View Single Post
Old 10-04-2012, 09:38 PM   #84
SteveEisenberg
Wizard
SteveEisenberg ought to be getting tired of karma fortunes by now.SteveEisenberg ought to be getting tired of karma fortunes by now.SteveEisenberg ought to be getting tired of karma fortunes by now.SteveEisenberg ought to be getting tired of karma fortunes by now.SteveEisenberg ought to be getting tired of karma fortunes by now.SteveEisenberg ought to be getting tired of karma fortunes by now.SteveEisenberg ought to be getting tired of karma fortunes by now.SteveEisenberg ought to be getting tired of karma fortunes by now.SteveEisenberg ought to be getting tired of karma fortunes by now.SteveEisenberg ought to be getting tired of karma fortunes by now.SteveEisenberg ought to be getting tired of karma fortunes by now.
 
Posts: 1,675
Karma: 12131152
Join Date: Jun 2008
Location: Philadelphia USA
Device: Kindle Keyboard 3G
Quote:
Originally Posted by BearMountainBooks View Post
Every book I was assigned to read in junior and high school were DEPRESSING ones. Wuthering Heights. GADS. I tried 3 times to read it. What a waste.
That's awfully long to be assigned reading. And unless I'm forgetting one, this is the least realistic Brontė book. I found it pretty much a page turner, but inferior to other Brontė novels.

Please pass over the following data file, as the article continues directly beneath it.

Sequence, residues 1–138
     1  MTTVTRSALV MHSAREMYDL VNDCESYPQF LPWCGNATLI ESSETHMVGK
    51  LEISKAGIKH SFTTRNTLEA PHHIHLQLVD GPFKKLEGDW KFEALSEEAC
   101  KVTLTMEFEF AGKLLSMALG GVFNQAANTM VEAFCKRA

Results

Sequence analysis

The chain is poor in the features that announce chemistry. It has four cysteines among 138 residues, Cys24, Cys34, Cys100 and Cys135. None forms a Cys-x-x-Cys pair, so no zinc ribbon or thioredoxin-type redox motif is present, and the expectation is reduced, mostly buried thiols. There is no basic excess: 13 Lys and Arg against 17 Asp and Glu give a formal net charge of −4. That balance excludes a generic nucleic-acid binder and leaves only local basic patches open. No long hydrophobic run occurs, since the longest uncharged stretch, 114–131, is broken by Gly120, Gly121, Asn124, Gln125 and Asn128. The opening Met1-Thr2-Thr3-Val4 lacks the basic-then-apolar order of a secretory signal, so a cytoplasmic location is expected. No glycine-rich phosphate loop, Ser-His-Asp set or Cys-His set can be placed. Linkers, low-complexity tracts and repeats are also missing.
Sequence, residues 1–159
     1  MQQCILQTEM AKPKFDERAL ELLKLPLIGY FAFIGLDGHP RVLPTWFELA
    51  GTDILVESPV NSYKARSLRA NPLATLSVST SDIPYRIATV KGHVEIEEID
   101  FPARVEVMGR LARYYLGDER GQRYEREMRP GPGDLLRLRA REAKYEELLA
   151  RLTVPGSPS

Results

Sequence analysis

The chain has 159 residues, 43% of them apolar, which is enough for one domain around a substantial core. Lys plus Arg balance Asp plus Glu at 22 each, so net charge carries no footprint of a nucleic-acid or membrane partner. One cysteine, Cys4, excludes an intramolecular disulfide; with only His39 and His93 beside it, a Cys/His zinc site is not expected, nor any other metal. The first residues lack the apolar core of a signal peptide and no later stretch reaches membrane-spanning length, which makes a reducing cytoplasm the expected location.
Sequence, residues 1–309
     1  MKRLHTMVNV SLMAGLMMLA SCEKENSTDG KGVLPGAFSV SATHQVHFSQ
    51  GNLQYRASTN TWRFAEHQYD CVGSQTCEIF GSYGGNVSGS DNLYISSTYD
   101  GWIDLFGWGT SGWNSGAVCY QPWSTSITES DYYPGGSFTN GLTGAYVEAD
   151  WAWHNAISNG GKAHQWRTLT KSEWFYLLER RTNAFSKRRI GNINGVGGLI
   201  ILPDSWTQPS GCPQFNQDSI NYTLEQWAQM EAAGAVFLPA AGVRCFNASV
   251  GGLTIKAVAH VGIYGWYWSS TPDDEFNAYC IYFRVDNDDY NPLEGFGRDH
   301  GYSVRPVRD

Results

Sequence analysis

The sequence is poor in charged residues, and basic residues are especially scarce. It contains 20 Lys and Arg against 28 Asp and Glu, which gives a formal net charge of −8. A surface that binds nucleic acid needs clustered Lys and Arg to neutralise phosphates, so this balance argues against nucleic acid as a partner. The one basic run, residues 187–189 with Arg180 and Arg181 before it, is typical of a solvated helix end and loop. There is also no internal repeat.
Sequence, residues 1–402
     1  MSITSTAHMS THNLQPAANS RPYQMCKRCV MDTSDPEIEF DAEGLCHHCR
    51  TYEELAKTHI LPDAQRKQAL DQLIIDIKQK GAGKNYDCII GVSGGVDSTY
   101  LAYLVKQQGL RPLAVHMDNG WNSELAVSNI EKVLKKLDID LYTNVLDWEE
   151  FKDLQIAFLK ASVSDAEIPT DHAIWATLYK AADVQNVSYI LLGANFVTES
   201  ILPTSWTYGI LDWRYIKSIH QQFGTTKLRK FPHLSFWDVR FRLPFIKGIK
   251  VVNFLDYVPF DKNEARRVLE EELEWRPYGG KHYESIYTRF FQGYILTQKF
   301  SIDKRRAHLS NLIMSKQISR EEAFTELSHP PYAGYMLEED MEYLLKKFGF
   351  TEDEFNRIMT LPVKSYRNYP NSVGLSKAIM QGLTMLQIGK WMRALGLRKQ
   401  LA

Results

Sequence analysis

As for not liking DEPRESSING books: This is, like every other book preference I read about here, highly individual. Some people read murder mysteries exclusively. Can't get much more depressing than that! Personally, I have read a lot of books with happy endings, but don't find them superior. One of our kids, when small, loved being read Frank Baum, a master of long children's books with loads of happy party scenes and uniformly happy endings. Let's say I had mixed feelings reading these

Obviously there are lots of people around here who are not particularly looking for realism in their novels. When much younger, I read lots of sci fi, so I have not always been a lover of realism. People differ, and people change.

Teachers should be teaching skills, especially expository writing. The purpose of assigning books should be to generate discussion and provide the raw material for well-argued papers, not to convince students they like books. The latter is a hopeless task, although I do want students literate enough to be able to read whatever they want.
SteveEisenberg is offline   Reply With Quote